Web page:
In the LA Review of Books, Peter Fenves reviews a collection of (mostly) newly translated writing by Walter Benjamin. Entitled The Storyteller: Tales out of Loneliness, the collection focuses on miscellaneous stories and fragments that Benjamin wrote throughout his career, many of which remained unpublished in his lifetime. Together they paint a picture of a restless and imaginative thinker who was much more than just a critic, however distinguished he was in that capacity. Here’s an excerpt from the review:
As for the items in The Storyteller, most are recognizable as narratives or narrative fragments, but a large percentage are something else — dream reports, travel reportage, and riddles, for instance. You will also come across a calendrical poem, word games, the account of a radio performance, and a dialogue on gambling. In addition, each of the three parts of the volume concludes with one or two book reviews, thus suggesting that Benjamin’s primary “position” was that of a critic, after all.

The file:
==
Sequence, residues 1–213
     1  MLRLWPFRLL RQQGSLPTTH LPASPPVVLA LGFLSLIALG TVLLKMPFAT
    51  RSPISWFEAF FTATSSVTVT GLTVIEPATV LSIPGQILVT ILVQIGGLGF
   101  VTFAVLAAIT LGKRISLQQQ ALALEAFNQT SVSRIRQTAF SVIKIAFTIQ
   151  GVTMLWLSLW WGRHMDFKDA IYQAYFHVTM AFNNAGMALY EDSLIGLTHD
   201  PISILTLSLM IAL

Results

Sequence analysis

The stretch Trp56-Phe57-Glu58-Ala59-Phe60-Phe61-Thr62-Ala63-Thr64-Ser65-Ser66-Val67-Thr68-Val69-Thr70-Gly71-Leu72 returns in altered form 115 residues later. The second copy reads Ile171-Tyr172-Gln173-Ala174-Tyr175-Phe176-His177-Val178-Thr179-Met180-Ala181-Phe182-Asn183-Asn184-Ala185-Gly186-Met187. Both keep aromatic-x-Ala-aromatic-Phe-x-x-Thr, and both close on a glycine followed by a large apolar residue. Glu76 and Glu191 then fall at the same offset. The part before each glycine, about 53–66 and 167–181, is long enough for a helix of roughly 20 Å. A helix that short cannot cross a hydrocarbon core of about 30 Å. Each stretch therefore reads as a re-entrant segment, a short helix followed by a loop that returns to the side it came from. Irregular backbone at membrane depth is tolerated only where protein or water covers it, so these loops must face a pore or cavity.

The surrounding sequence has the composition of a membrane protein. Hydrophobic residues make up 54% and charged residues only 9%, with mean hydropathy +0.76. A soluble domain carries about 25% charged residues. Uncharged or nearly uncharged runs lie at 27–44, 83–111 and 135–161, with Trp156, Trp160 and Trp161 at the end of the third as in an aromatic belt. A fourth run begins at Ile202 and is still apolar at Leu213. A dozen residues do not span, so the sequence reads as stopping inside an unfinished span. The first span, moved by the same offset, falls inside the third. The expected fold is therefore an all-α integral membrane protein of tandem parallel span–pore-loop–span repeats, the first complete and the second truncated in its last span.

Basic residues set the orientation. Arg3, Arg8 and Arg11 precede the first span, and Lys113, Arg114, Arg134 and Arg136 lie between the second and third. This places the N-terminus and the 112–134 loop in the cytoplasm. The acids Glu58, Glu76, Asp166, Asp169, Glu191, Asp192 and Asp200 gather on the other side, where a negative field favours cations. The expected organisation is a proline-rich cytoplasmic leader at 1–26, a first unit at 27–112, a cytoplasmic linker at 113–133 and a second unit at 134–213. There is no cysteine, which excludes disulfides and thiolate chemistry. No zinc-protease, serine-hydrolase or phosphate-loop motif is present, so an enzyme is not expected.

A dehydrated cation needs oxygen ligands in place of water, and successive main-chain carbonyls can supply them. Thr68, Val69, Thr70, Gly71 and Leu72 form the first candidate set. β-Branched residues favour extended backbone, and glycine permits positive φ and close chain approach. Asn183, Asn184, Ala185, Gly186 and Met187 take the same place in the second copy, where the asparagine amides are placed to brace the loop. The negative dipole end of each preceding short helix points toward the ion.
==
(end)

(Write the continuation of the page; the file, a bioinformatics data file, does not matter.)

The oddness of its selection does not make the appearance of The Storyteller any less welcome. New texts are now available in English, and the volume is richly illustrated. One of its distinguishing characteristics in comparison with other collections is its chronological range: along with many fragments that Benjamin wrote before he entered into the university system in 1912, there are a substantial number of items from the late 1920s and early ’30s, some of which are perhaps marked by the collapse of his attempt to find a position within German academia. The volume does not follow a strict chronological sequence; instead, it is divided in terms of three themes.